Culling projects: A critical portfolio process

With most organisations reporting more projects that they can resource, stopping projects which are addressing yesterday’s problems may be even more important than not starting those projects designed to address today’s.

In a review of 15 client portfolios, the UK project consultancy group, CITI reported that in annual portfolio prioritisation more than one-third of the projects and programmes approved were carried forwarded from previous years, with 20% having survived two annual review processes.  The question perhaps to ask is – does this reflect a real need for long-term projects or is it that management decision making around stopping something is just so much harder than approving a project to start?

Significant portfolio management attention has been paid over the last few years to developing improved governance processes around the front-end selection and prioritisation of projects.  But portfolio monitoring and control is a much greyer area and often confusion arises between the governance responsibilities at the portfolio and project sponsorship levels.

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From right-size governance to agile governance

If you’re working in a structured project environment with a project office, the chances are that you are using a right-size governance approach.

What does that mean?  Essentially, the level of management attention and oversight varies appropriately, depending upon the characteristics of the project, such as size and complexity, or the level and significance of the impact of the project on the organisation.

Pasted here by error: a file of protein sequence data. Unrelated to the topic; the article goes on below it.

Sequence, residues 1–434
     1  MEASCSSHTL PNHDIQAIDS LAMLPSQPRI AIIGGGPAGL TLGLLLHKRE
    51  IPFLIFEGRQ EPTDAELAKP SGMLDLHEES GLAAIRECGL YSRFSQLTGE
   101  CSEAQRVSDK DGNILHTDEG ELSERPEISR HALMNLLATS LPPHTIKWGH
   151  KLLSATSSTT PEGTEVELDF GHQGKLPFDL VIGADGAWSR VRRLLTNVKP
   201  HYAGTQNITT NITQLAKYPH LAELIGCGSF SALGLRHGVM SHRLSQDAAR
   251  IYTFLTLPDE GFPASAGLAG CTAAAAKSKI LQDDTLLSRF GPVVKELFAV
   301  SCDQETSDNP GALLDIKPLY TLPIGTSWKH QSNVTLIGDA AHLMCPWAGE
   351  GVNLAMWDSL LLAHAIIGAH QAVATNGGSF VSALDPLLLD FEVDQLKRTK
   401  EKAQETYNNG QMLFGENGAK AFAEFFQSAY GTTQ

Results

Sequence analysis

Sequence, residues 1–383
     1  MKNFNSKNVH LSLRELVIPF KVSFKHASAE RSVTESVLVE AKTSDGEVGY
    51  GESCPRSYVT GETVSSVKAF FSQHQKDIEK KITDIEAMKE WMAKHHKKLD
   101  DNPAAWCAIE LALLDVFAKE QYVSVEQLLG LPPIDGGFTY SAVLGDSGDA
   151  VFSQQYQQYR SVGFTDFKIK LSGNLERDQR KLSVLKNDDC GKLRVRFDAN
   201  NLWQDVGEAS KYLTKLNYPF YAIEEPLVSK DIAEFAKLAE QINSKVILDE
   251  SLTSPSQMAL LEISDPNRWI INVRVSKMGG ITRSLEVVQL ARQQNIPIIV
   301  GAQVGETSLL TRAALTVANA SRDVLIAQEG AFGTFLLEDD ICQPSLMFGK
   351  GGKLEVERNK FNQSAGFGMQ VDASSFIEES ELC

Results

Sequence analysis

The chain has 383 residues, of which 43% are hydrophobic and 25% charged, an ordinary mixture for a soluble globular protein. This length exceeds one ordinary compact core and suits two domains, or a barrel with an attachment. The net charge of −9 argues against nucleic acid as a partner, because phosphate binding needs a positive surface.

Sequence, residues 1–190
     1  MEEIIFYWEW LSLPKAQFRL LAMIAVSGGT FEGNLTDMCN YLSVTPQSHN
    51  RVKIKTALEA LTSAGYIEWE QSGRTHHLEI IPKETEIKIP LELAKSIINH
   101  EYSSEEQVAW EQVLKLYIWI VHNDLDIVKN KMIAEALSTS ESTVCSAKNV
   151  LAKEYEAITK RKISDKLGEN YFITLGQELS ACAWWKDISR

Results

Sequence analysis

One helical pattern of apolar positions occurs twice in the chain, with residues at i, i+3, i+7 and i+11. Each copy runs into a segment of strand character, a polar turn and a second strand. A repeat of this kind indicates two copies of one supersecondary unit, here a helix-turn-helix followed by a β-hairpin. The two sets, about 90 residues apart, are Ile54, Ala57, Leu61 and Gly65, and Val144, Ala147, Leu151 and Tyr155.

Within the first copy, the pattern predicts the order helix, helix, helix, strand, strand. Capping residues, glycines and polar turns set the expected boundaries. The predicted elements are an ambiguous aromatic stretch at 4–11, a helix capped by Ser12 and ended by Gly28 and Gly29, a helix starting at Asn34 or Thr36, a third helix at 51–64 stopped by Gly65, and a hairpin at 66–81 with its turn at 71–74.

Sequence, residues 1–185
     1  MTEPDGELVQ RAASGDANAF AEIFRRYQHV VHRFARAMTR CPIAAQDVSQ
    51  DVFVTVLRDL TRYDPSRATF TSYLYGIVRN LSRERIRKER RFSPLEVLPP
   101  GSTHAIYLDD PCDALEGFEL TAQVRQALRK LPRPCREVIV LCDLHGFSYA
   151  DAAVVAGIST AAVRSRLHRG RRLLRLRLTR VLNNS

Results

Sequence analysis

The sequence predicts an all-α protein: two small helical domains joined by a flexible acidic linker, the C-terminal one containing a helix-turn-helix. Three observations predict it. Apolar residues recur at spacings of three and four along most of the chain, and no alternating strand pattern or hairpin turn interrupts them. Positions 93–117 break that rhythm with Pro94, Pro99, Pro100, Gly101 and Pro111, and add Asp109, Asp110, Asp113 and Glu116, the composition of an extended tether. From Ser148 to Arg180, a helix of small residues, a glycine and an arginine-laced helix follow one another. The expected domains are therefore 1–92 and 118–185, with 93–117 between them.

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Be a Project Management Professional Learner

Your development journey

The Future Work Skills 2020 report identifies six drivers for change in our learning practices and ten skills for the future.  What are these skills? How can we as project managers use them in the way we define and follow our professional career path in 2019?

Future work skills 2020

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When failure is not an option

When fix-on-failure is not an option

There are projects in which some, maybe even most, of the possible outcomes are so threatening that their occurrence cannot be tolerated. Should something go wrong–should it not go to plan–there is no mitigation available. If you are driving a car and the engine malfunctions, it can be annoying, even frightening, but it’ll be a whole lot more final if the engine malfunctioning is in a spacecraft!

There are degrees of criticality, ranging from safety-critical performance in a nuclear power station to life-and-death rescue missions, to correct compliance to regulations set out in legislation–and in each case project failure always incurs severe penalties.

In these projects, the avoidance of risk drives the planning. This forces a modification to the usual planning process. The focus is to avoid the possibility of events occurring that cannot be managed; it is on the use of processes where the known performance indicates very high levels of reliability with no surprises.

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